2021 ◽  
pp. oemed-2021-107462
Jason Y.Y. Wong ◽  
Richard Cawthon ◽  
Yufei Dai ◽  
Roel Vermeulen ◽  
Bryan A. Bassig ◽  

BackgroundMillions of workers worldwide are exposed to diesel engine exhaust (DEE), a known genotoxic carcinogen. Alu retroelements are repetitive DNA sequences that can multiply and compromise genomic stability. There is some evidence linking altered Alu repeats to cancer and elevated mortality risks. However, whether Alu repeats are influenced by environmental pollutants is unexplored. In an occupational setting with high DEE exposure levels, we investigated associations with Alu repeat copy number.MethodsA cross-sectional study of 54 male DEE-exposed workers from an engine testing facility and a comparison group of 55 male unexposed controls was conducted in China. Personal air samples were assessed for elemental carbon, a DEE surrogate, using NIOSH Method 5040. Quantitative PCR (qPCR) was used to measure Alu repeat copy number relative to albumin (Alb) single-gene copy number in leucocyte DNA. The unitless Alu/Alb ratio reflects the average quantity of Alu repeats per cell. Linear regression models adjusted for age and smoking status were used to estimate relations between DEE-exposed workers versus unexposed controls, DEE tertiles (6.1–39.0, 39.1–54.5 and 54.6–107.7 µg/m3) and Alu/Alb ratio.ResultsDEE-exposed workers had a higher average Alu/Alb ratio than the unexposed controls (p=0.03). Further, we found a positive exposure–response relationship (p=0.02). The Alu/Alb ratio was highest among workers exposed to the top tertile of DEE versus the unexposed controls (1.12±0.08 SD vs 1.06±0.07 SD, p=0.01).ConclusionOur findings suggest that DEE exposure may contribute to genomic instability. Further investigations of environmental pollutants, Alu copy number and carcinogenesis are warranted.

J. Yuyang Lu ◽  
Lei Chang ◽  
Tong Li ◽  
Ting Wang ◽  
Yafei Yin ◽  

AbstractOrganization of the genome into euchromatin and heterochromatin appears to be evolutionarily conserved and relatively stable during lineage differentiation. In an effort to unravel the basic principle underlying genome folding, here we focus on the genome itself and report a fundamental role for L1 (LINE1 or LINE-1) and B1/Alu retrotransposons, the most abundant subclasses of repetitive sequences, in chromatin compartmentalization. We find that homotypic clustering of L1 and B1/Alu demarcates the genome into grossly exclusive domains, and characterizes and predicts Hi-C compartments. Spatial segregation of L1-rich sequences in the nuclear and nucleolar peripheries and B1/Alu-rich sequences in the nuclear interior is conserved in mouse and human cells and occurs dynamically during the cell cycle. In addition, de novo establishment of L1 and B1 nuclear segregation is coincident with the formation of higher-order chromatin structures during early embryogenesis and appears to be critically regulated by L1 and B1 transcripts. Importantly, depletion of L1 transcripts in embryonic stem cells drastically weakens homotypic repeat contacts and compartmental strength, and disrupts the nuclear segregation of L1- or B1-rich chromosomal sequences at genome-wide and individual sites. Mechanistically, nuclear co-localization and liquid droplet formation of L1 repeat DNA and RNA with heterochromatin protein HP1α suggest a phase-separation mechanism by which L1 promotes heterochromatin compartmentalization. Taken together, we propose a genetically encoded model in which L1 and B1/Alu repeats blueprint chromatin macrostructure. Our model explains the robustness of genome folding into a common conserved core, on which dynamic gene regulation is overlaid across cells.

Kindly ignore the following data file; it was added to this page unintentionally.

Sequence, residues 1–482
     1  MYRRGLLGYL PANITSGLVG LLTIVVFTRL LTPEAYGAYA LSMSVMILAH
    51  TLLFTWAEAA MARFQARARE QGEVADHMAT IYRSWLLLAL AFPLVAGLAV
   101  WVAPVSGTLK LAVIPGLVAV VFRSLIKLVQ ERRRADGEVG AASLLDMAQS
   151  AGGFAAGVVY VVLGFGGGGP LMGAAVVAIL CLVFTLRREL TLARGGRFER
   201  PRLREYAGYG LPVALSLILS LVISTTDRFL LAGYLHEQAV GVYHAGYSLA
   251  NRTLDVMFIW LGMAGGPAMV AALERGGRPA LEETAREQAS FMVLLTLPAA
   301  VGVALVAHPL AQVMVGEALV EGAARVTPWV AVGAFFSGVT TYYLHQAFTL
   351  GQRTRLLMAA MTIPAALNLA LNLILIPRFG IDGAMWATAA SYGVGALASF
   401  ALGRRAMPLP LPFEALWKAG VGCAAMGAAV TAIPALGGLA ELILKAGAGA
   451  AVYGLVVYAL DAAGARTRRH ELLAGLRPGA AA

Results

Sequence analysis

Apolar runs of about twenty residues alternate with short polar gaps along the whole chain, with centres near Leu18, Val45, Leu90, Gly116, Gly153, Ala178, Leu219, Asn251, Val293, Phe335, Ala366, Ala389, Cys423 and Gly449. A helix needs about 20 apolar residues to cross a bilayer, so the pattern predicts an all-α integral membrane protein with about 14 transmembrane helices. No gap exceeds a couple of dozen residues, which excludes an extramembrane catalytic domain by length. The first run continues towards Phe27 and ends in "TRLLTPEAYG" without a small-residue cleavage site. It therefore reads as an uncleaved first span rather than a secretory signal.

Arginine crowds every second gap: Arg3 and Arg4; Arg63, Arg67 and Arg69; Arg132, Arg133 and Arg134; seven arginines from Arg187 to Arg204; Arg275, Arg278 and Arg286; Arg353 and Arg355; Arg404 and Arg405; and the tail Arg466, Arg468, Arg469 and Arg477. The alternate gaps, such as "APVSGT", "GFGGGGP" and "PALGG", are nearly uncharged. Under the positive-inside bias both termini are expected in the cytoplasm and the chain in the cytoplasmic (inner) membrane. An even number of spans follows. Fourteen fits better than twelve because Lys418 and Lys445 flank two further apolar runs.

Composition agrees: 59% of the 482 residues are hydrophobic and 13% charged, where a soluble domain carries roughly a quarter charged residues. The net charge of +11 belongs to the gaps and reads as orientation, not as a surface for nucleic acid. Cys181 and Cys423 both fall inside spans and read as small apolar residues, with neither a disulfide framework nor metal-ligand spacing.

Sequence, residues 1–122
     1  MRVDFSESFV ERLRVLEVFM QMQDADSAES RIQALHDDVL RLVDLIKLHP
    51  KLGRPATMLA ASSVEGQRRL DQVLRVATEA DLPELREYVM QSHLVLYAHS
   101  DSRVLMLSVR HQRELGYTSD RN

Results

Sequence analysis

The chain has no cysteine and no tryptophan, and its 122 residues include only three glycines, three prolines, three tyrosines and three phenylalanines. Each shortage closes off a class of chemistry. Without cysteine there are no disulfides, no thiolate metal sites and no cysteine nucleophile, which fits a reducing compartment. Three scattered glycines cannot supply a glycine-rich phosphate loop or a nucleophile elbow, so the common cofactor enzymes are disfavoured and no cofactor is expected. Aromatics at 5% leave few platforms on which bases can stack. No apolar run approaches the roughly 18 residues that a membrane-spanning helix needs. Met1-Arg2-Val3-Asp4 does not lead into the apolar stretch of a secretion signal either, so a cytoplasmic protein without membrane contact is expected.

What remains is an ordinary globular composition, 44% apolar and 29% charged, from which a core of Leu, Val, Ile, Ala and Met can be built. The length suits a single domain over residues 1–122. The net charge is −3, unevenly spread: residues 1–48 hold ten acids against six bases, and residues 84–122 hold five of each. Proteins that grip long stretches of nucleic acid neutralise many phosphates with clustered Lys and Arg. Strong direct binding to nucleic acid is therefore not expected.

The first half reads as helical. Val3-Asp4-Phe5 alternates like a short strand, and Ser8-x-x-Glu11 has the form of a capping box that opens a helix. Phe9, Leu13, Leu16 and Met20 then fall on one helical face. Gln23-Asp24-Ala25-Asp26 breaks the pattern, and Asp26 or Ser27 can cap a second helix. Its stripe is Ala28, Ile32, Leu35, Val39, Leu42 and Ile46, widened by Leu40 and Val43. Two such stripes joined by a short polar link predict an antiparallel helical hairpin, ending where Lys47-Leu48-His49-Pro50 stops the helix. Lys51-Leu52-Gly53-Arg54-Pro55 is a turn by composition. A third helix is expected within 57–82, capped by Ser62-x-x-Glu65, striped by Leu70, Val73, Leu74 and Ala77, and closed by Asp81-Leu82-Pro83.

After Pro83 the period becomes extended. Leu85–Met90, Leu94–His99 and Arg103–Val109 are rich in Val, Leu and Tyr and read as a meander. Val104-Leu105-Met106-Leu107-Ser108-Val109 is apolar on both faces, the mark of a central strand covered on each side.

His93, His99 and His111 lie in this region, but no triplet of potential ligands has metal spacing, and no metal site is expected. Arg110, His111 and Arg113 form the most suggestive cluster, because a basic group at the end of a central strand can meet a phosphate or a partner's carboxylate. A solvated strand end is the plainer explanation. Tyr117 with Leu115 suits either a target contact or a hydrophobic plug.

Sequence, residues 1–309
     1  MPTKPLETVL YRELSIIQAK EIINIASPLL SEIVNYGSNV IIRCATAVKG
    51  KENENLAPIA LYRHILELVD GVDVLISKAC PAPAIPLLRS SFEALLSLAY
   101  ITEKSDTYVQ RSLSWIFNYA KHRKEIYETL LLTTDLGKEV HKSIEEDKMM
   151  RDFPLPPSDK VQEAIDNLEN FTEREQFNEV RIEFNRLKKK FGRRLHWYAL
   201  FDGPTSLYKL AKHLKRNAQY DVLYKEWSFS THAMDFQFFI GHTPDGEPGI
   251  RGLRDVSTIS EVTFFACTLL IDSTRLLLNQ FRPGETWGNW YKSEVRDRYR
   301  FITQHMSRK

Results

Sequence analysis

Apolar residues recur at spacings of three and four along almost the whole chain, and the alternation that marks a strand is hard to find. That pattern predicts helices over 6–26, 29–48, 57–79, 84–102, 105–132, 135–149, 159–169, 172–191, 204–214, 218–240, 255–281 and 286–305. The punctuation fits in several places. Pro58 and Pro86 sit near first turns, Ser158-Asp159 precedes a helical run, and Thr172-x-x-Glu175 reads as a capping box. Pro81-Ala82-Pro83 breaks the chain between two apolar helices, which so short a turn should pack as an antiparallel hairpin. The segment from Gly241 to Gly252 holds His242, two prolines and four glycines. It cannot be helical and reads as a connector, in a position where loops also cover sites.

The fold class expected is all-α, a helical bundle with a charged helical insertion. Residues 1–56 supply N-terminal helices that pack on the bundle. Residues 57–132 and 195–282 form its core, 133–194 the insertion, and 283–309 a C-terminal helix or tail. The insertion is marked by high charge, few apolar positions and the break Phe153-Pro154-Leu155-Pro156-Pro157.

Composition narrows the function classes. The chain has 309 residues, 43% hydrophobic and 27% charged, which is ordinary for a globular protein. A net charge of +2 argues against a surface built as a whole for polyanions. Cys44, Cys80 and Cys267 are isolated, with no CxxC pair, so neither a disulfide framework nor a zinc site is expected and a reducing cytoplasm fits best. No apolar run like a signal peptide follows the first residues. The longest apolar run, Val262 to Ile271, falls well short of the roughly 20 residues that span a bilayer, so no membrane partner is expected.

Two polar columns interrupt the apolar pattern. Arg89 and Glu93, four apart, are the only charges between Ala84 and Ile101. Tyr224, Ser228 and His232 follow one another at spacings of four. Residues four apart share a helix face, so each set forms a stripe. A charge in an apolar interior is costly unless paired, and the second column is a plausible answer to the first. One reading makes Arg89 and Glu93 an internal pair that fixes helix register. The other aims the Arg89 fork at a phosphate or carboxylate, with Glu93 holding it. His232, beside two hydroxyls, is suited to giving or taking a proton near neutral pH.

Blood ◽  
2018 ◽  
Vol 132 (Supplement 1) ◽  
pp. 2612-2612
Paola Orsini ◽  
Luciana Impera ◽  
Elisa Parciante ◽  
Cosimo Cumbo ◽  
Crescenzio Francesco Minervini ◽